Kristen joins us today for a brief Q&A about Wintercheck Factory, making, American manufacturing, and MAKESHIFT.
AC: American manufacturing seems to be a core principal for Wintercheck Factory. You have a wonderful map of the U.S. on your website, marking all of the places your products are made. Was that level of transparency an initial goal, or did it come about after you started the business?
KW: I’ve always wanted to keep a level of transparency, not necessarily to make any sort of statement (although there are facets of it that are very important to me), but more because I love the entire process of having a product made. I try to go to as many factories as possible, partially because it is helpful to design better when you can see the actual machines and people that do the manufacturing and their limits, but also because there’s an aspect of discovery when you see how everyday products are actually made. I recently went to North Carolina to see a factory that is making a rocking chair for a furniture line that I’ve been working on. The owner was walking me around and we came to this huge long curved plywood form. As it turned out, it was the mold for the old wooden ski Nordic Track design! I think there’s something exciting about seeing the origins of everyday products and then being able to utilize the same techniques to make an entirely different product. I think you can start to appreciate products more, as you see the materials and techniques that go into making them. So it is partially about creating value through information and partially my own personal scrapbook. See photos here.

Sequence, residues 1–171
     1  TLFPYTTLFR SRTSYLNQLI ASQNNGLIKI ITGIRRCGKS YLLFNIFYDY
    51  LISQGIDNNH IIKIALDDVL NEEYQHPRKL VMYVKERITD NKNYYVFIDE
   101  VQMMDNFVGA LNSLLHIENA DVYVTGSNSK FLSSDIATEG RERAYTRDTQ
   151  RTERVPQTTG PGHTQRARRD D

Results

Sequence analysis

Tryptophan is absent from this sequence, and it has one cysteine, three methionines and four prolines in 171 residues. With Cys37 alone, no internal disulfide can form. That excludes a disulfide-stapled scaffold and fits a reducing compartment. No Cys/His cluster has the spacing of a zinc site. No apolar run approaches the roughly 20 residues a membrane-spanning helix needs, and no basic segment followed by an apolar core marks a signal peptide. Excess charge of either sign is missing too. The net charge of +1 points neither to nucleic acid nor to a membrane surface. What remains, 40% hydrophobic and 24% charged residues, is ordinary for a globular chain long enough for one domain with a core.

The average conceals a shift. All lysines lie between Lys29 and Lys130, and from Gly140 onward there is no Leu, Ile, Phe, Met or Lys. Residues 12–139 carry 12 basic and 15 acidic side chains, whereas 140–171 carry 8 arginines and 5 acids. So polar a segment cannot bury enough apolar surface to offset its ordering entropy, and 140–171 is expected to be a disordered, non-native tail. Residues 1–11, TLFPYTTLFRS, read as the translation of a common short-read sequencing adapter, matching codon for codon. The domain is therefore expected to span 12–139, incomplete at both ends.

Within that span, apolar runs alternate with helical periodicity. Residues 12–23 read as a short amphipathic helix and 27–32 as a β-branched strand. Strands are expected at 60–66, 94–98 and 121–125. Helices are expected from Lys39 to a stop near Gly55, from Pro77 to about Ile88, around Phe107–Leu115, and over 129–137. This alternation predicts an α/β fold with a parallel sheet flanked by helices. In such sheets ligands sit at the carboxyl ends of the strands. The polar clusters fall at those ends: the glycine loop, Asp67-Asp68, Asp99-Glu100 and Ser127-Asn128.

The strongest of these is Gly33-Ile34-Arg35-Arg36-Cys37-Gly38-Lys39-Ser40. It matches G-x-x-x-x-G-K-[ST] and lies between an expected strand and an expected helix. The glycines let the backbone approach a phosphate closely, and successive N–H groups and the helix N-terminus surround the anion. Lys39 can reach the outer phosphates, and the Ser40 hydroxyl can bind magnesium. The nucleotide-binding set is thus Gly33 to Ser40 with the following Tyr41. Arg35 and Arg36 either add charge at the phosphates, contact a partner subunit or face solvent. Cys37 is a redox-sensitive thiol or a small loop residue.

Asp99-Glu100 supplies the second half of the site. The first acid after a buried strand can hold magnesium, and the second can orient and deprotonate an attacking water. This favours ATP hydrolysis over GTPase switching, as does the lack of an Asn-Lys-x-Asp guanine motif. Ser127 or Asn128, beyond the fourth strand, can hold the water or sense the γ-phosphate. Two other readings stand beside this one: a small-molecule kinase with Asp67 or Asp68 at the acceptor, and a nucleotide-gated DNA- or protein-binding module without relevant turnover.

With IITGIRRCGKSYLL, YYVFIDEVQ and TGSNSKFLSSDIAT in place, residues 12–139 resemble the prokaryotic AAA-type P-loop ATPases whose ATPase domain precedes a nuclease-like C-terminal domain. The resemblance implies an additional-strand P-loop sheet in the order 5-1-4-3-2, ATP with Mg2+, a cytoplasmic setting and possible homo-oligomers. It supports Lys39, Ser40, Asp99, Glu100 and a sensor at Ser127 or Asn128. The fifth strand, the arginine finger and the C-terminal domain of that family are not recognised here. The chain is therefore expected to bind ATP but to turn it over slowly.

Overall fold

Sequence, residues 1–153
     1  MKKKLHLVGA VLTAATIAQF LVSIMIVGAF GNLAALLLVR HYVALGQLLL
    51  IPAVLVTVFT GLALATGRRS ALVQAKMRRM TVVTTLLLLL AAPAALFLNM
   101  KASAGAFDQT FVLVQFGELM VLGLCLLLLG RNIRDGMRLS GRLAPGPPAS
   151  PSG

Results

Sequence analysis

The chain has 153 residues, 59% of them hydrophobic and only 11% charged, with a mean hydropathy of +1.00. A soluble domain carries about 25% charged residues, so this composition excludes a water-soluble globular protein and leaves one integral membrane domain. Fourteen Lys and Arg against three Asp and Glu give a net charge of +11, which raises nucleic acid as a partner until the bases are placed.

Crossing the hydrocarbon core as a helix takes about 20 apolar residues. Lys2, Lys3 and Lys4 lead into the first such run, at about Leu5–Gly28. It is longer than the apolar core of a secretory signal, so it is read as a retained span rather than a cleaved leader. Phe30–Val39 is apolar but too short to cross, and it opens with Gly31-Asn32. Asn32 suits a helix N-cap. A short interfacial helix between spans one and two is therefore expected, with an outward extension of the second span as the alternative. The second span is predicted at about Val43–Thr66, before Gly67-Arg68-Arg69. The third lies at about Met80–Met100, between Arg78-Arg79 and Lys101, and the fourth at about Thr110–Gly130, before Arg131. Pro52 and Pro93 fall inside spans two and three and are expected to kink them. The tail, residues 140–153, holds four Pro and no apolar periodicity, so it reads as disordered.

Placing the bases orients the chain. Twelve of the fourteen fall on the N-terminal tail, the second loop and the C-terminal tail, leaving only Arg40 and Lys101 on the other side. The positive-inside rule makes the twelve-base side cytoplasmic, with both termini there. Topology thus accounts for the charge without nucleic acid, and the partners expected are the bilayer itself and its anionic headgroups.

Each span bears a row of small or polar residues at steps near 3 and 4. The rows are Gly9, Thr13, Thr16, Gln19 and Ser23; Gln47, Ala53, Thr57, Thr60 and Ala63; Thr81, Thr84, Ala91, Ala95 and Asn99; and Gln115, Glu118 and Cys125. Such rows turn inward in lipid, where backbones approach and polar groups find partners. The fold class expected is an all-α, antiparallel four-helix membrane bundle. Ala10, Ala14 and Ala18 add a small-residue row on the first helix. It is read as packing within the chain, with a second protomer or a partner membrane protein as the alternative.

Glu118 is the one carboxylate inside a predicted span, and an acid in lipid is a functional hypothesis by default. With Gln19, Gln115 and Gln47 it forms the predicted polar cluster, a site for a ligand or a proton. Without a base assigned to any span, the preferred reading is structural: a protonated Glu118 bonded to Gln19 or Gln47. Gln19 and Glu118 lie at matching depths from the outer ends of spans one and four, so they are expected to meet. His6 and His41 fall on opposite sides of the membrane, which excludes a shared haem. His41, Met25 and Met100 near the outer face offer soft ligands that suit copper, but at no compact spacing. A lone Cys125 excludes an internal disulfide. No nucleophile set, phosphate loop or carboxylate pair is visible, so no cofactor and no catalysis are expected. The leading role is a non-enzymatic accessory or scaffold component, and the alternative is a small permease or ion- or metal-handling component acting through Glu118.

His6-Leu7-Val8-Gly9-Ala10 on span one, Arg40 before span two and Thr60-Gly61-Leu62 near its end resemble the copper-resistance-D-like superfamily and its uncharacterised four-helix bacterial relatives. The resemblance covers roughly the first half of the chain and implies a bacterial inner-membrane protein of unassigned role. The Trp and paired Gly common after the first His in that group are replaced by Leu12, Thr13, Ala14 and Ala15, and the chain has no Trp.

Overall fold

AC: You worked in real estate development before starting Wintercheck Factory. How has that experience influenced your present venture?
KW: I’ve always said that the process of having a product manufactured is similar to having a building made, minus the huge loans and massive team. Only in this situation, you’re the developer, architect and marketing team. The manufacturer is your different construction trades. It is not a complete direct translation, but I think that job gave me the right groundwork to figure out how to have a design fabricated on a small scale, when to take risks and how to budget it all.
AC: We love the bench you made for the MAKESHIFT Chair Workshop at Build It Green! NYC last May. Furniture was the first product Wintercheck Factory made. You also make really cool scarves and shower curtains with utility pockets. Do you see these items as a sort of furniture?
KW: I see them more as tools. I find it enjoyable to have cut and sew products manufactured because the investment is low, the turnaround is quick and they can be affordable to a wider audience. I also love the factory that I use in Greenpoint because the owners and the staff are so sharp and inventive. The opportunity to collaborate with them is sort of irresistible to me. Beyond that though, I think that by nature, furniture is a product that provides utility. So in the meantime while furniture is being developed, I’ve enjoyed injecting that quality into smaller products like the scarf and shower curtain, which both have storage pockets.
AC: What does MAKESHIFT mean to you, and how do the elements of fashion, food, design, craft, and/or DIY intersect for Wintercheck Factory?
KW: My understanding of MAKESHIFT is that it addresses the idea that ‘design’ is essentially everywhere, influencing everyone, all the time, from the shape of the spacebar on my keyboard to a George Nelson sofa, to a crocheted hat on Etsy.
AC: Tell us about your MAKESHIFT bag.
KW: In retrospect, I guess this is related to the third question! I took part of the fabric out of the right side and sewed it onto the front to create a pocket. Then I closed up the right side, sewing in a divider to hold change and pens.
You can see Kristen’s tote and all the MAKESHIFT totes as we add them to the MAKESHIFT Image Quilt.